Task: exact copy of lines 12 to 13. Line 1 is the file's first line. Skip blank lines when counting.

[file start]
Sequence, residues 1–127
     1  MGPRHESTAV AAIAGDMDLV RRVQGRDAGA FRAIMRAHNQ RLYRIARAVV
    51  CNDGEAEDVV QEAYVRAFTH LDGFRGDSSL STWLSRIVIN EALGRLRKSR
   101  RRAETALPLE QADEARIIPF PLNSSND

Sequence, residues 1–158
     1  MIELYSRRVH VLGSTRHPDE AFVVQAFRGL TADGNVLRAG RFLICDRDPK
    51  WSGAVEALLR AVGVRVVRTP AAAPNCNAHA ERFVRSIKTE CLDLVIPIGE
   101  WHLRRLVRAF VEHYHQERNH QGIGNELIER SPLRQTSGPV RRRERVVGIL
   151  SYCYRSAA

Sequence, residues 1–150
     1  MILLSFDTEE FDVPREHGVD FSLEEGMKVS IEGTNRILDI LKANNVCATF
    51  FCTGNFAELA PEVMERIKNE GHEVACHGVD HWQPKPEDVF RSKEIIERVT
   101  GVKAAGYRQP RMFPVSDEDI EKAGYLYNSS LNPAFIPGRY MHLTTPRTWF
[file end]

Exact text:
    51  FCTGNFAELA PEVMERIKNE GHEVACHGVD HWQPKPEDVF RSKEIIERVT
   101  GVKAAGYRQP RMFPVSDEDI EKAGYLYNSS LNPAFIPGRY MHLTTPRTWF